There is much debate over whether doing an MFA is crucial to the experience of a writer.
There are two schools of thought (pardon the pun):
- The MFA shows a dedication to the craft and a seriousness about being a writer.
- The learning experiences of the world are of greater value than those learned in the classroom.
While the advantages to both are notable, and the combination of workshops and writerly real life experiences is ideal, the MFA is not the be-all end-all of your writing career. An MFA is expensive and often requires full-time attention leaving little time for a job or your family. However, it makes you focus and dedicate much needed time to work on your craft.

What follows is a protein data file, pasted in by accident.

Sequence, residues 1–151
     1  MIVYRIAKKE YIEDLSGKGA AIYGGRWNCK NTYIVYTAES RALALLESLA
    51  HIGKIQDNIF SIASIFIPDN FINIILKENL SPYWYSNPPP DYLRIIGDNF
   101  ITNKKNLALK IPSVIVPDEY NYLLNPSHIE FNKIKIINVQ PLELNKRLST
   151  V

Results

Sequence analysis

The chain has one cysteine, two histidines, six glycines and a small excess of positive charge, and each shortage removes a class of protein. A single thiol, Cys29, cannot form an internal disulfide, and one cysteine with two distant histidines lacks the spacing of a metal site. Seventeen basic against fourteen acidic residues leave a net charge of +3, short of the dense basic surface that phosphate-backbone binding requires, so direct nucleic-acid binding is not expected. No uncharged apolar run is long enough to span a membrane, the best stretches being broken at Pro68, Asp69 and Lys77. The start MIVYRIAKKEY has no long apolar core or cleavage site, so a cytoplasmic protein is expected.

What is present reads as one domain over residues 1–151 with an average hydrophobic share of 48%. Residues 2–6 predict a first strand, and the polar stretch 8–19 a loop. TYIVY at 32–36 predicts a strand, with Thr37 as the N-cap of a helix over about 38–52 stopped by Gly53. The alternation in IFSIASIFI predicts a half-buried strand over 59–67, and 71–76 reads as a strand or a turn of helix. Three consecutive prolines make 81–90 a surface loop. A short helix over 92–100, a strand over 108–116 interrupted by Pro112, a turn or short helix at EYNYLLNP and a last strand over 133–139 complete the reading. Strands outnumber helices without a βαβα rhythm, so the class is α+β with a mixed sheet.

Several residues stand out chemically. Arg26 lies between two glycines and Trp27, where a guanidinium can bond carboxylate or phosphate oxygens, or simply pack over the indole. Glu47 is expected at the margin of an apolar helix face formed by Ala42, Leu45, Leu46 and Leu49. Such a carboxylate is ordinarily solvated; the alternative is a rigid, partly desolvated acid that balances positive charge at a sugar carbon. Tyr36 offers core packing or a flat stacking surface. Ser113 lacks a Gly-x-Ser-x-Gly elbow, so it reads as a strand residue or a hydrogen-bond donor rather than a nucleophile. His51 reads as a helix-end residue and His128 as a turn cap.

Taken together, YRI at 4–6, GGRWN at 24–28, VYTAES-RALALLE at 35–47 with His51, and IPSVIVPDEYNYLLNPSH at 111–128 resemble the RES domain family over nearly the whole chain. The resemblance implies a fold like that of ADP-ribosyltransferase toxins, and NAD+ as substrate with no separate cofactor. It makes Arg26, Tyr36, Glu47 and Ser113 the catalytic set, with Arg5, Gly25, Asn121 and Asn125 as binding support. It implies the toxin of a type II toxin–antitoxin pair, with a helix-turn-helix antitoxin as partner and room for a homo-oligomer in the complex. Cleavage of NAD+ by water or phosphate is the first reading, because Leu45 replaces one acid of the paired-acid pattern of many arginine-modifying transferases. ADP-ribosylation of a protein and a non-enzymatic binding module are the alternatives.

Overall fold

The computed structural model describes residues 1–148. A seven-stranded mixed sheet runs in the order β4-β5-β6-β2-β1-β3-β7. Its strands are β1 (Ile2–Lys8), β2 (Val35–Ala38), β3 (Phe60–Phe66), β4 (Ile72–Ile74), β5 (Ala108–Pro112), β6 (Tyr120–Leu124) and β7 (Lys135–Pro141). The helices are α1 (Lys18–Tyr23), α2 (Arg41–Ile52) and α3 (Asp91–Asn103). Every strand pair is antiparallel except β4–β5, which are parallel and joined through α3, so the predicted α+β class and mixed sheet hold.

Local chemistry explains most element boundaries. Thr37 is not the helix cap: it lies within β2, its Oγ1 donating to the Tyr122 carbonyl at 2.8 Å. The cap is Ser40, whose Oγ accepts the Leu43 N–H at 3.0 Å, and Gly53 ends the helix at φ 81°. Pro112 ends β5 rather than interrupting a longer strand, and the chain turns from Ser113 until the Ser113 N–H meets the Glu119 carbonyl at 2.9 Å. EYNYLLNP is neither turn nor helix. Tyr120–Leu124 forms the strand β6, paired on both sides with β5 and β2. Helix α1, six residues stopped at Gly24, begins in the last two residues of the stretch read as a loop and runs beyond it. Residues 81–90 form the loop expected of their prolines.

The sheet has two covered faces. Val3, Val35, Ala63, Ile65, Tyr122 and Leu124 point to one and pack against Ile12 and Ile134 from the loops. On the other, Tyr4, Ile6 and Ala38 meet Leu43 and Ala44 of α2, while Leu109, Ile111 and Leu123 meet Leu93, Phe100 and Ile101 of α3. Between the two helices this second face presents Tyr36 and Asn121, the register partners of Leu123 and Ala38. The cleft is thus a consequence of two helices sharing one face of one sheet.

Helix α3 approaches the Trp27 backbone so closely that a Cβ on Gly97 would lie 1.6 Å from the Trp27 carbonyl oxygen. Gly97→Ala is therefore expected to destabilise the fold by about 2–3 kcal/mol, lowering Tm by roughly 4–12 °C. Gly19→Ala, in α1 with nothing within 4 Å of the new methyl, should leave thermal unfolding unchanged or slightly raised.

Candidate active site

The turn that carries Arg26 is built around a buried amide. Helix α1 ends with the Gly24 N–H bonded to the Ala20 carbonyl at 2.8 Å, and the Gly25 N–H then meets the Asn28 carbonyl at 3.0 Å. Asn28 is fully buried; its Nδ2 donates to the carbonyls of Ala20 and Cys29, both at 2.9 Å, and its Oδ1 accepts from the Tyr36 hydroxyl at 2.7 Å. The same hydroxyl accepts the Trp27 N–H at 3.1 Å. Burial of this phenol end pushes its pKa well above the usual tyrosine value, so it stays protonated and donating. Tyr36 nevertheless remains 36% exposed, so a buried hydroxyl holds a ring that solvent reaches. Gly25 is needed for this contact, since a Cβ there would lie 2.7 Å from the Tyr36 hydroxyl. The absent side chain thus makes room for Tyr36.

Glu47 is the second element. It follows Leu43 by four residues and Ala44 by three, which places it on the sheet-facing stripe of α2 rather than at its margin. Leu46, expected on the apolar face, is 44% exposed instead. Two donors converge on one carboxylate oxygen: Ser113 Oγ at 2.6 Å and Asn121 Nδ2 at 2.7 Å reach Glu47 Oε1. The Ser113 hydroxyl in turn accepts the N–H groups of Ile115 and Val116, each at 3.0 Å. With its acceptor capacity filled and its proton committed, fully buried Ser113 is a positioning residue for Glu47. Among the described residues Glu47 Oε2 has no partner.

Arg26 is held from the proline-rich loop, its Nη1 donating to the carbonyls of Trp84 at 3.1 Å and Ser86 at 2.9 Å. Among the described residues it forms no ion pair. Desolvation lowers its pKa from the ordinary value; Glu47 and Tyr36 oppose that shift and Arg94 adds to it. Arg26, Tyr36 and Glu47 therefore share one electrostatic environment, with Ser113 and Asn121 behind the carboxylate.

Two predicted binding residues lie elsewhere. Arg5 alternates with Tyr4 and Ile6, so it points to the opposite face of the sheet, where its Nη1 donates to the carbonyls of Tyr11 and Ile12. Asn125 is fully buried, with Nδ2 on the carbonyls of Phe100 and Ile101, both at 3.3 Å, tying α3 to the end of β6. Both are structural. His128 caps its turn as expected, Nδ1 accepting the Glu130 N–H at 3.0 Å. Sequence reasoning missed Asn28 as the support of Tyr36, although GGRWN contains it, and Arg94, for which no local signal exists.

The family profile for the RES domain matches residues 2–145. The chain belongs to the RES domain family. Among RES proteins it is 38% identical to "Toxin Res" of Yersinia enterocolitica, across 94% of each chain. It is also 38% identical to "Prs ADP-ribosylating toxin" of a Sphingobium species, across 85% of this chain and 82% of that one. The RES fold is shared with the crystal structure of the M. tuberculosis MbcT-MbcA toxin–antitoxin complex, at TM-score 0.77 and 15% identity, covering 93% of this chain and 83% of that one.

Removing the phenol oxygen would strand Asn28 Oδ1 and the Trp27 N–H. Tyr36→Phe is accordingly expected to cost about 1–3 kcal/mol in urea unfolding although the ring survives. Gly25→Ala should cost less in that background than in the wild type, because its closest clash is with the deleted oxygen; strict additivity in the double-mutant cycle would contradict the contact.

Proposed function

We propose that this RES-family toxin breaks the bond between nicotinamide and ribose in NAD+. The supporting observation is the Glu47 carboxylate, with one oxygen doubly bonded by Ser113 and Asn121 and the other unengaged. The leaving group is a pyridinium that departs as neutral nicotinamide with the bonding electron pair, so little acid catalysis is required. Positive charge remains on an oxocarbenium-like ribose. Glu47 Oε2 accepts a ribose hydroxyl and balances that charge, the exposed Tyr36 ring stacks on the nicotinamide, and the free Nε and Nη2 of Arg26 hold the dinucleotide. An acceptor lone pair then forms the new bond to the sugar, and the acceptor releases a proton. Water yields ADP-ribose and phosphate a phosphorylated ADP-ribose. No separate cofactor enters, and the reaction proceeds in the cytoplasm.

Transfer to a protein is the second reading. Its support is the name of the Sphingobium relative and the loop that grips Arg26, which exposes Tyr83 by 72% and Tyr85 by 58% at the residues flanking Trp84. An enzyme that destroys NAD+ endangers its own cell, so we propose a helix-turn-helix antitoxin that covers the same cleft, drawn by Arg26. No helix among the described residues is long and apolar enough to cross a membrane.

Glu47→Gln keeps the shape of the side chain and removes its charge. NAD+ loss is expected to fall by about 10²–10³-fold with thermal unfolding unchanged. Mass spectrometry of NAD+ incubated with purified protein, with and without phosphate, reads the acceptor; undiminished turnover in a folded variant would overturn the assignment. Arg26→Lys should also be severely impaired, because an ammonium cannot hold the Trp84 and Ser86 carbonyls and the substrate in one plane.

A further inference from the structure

On the other hand, taking a course does not mean you are a writer. Spending money on a certificate to give you the credibility is not enough. An MFA, and any workshops you attend as a writer, should help to develop your craft not define it. Be wary of programs that offer weighty promises.
If you can buy Stephen King’s On Writing and set aside time to write daily, then all the power to you. You might get more out of that than an MFA program. Continue reading To MFA or Not to MFA, That Is The Question…